This weekend I will be on a special climb of a 14, look 000 foot Colorado mountain, Handies Peak in the San Juan Range.
I have already climbed this one but this time it will be with my good friend and 14er buddy, Robert LeClair. This will mark his completion of climbing all 58 of the 14ers, a goal he set 14 years ago.
So with this occasion I thought it was be a good time to take a look at the hills that serve as my playground, training course and source of immense pleasure.
What is a 14er?
Colorado has 58 mountains over 14,000 feet (4,266 meters) in height but only 53 are noted as ’14ers’. To qualify as a 14er the peak must be 300 feet higher than the saddle of an adjacent peak. A notable exception is North Maroon Peak so 54 has become the ‘official’ number. But there are an additional 4 that are counted on many lists due to historic or proximity reasons so many use the number 58 as the total. I have climbed all of them. You can see my complete list.
There are six distinct ranges that hold these 14ers plus hundreds of lesser peaks. All this makes Colorado one of the climbing areas in the world. Many are very easy to reach with several within driving distance of Denver and other Front Range cities. A few require overnight backpacking trips and are well worth the effort. Please read my FAQs for some common questions and answers. For a look at what to pack, see this post.
The obvious danger for any mountain is the weather. The standard warning is to be off a summit no later than noon in the Colorado summer or risk being hit by lightening or trapped in a raging thunder (or snow) storm. After that, there is rockfall, heart attacks and simply falling. Each year we see numerous deaths. 2012 has been relatively safe with sadly, around 5 lost lives thus far. I wrote about a particularly difficult year in 2010 with 11 dead on Colorado 14ers. This is a good overview of the 9 deaths on 14ers in 2011.
What is about mountains (and oceans and wind and …) that cause people to set records, break them and then start all over? The 14ers are no different. There are numerous records (mostly self defined and verified) ranging from fastest to slowest to most, to downright strange. But most serve to entertain and inspire followers.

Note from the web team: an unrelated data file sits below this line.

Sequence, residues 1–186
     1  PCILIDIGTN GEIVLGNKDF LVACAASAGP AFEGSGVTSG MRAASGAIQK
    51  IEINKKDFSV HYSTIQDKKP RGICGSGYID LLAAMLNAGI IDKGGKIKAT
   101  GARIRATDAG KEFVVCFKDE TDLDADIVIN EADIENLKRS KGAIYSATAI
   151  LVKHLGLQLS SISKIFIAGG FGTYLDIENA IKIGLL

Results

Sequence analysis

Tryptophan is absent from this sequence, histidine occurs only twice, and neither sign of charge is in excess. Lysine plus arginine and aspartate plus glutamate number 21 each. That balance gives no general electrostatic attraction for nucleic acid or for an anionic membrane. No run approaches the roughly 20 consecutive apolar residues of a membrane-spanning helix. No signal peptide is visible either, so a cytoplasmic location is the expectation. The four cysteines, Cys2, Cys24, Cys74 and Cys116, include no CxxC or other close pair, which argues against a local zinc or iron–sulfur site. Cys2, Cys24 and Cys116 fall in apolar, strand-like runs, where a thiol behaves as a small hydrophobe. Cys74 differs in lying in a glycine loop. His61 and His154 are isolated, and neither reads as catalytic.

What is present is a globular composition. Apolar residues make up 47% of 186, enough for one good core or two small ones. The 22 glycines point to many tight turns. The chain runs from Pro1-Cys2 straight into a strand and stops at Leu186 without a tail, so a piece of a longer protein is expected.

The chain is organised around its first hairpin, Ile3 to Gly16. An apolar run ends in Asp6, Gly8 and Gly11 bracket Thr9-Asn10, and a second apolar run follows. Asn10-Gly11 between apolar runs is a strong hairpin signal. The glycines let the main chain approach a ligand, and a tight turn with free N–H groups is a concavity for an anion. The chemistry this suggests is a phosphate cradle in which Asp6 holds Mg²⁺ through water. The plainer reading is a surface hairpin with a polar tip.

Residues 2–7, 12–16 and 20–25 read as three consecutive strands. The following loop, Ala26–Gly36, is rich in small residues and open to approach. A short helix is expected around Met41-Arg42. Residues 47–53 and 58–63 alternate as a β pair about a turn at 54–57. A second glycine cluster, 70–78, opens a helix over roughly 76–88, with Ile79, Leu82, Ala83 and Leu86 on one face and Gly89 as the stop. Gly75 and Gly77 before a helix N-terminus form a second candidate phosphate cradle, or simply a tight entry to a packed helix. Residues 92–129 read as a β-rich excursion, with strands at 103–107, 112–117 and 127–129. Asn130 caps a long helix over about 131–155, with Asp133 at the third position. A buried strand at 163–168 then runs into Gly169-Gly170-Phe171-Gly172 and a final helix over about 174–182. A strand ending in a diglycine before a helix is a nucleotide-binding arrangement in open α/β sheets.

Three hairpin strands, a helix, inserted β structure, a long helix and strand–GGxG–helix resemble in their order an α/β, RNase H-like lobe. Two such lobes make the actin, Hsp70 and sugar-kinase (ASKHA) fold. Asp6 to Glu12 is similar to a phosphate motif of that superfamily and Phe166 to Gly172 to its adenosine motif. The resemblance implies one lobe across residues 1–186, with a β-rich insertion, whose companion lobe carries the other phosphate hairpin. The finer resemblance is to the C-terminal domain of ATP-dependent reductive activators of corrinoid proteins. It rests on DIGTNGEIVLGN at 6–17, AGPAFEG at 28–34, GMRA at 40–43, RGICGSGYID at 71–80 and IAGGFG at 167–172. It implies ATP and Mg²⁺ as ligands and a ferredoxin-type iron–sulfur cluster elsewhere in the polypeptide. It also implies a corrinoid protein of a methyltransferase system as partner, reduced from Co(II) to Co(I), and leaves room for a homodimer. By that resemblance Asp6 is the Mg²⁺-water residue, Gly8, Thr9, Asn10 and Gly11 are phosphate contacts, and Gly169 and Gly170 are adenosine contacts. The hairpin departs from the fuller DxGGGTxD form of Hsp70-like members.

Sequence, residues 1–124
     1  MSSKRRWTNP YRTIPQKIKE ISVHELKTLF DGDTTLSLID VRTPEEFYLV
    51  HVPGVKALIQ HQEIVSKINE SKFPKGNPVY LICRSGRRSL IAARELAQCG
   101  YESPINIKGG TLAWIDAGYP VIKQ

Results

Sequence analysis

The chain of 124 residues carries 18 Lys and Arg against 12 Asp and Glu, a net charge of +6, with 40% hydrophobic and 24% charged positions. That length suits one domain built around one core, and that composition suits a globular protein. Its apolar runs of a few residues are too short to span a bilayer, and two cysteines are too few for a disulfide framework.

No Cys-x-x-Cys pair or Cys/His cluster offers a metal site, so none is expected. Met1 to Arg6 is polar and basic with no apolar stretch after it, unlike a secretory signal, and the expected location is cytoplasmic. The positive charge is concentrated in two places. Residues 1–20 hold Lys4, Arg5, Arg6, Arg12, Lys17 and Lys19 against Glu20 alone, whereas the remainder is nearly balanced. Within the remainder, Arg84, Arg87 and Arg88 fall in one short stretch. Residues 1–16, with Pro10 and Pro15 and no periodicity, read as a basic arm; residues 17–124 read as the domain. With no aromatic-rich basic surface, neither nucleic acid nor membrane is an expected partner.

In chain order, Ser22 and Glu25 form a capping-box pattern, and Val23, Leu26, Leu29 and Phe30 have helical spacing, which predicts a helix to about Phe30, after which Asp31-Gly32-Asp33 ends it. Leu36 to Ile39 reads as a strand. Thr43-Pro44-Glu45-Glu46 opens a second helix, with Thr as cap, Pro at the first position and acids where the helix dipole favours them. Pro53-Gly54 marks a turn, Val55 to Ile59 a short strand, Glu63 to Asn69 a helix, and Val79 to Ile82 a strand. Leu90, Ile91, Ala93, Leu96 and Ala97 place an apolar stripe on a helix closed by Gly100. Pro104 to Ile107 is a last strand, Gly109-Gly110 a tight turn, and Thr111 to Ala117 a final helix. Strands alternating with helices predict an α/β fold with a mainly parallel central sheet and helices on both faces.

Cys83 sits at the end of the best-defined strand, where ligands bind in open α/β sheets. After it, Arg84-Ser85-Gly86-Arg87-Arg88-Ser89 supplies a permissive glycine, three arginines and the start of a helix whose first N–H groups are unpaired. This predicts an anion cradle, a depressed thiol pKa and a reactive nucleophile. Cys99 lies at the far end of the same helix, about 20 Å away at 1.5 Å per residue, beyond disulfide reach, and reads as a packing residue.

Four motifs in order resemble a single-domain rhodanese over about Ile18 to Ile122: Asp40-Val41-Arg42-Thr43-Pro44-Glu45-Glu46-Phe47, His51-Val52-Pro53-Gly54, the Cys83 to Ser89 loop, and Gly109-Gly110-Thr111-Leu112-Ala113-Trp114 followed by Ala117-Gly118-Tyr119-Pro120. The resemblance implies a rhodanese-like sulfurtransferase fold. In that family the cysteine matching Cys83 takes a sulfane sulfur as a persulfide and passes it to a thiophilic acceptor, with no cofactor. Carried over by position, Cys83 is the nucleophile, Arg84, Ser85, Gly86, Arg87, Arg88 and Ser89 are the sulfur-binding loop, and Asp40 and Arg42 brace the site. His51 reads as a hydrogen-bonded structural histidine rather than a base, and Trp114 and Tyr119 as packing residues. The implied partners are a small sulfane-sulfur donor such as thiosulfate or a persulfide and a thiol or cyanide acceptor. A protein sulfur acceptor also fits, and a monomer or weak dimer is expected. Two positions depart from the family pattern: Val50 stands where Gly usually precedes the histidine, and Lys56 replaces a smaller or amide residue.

The summer of 2012 saw one that captured the attention of 14er lovers all across the country. John Prater aka “Homie” set out on August 23 to summit 55 14ers in under 10 days 20 hours and 26 minutes – the record set in 2000 by Ted Keizer “Cave Dog” ( what’s with these handles? – sounds like something out of Top Gun).
This particular record and attempt was amazing in that these guys basically ran up and down the Hills, almost never sleeping but had a support team driving them from peak to peak. Well in the end Homie bagged 41 of the mountains in 7 days yielding to severe leg pain.
Another interesting feat was sleeping on the summits. I attended a presentation recently by Jon Kedrowski and Chris Tomer documenting Jon’s successful project to spend the night starting at sunset and ending at sunrise on each 14er summit. Chris joined him on many. Chris, a meteorologist, provided Jon up to the minute weather forecasts but that did not prevent a near miss when a lightning strike almost destroyed his tent, and Jon himself, on Mount Harvard. They have a book.
Classifying a 14er
The common way of describing the difficulty of a mountain climb in the US is by the Yosemite Decimal System. It starts at 1 (a sidewalk) and goes to the obscure 5.XX range where humans mimic goats.
Climbing Class Ratings
(based on the Yosemite Decimal System)
note: route difficulty is determined by the most difficult section so a route can have 50 feet of Class 3 and 6 miles of Class 1 and be classified and be rated as Class 3.
Trail hiking. Mostly groomed trails that are easy to find in the summer and relatively smooth. Walk upright without use of hands for balance. It can be a little steep at times. Mount Elbert, the highest 14er, is Class 1 on the standard route.
Simple off-trail hiking. Some scrambling may be required on the route with an occasional use of the hands for balance. Downclimbing is straightforward. Mt. Massive is a class 2 route with some scrambling required near the summit using hands for balance.
This is actual “climbing” since you scramble a lot frequently using your hands. Handholds are easy to find. You can downclimb facing out from the rock. Longs Peak’s Keyhole route is rated class 3 but like most routes it is easy class 1 most of the time with the upper sections becoming more difficult thus making the route a class 3.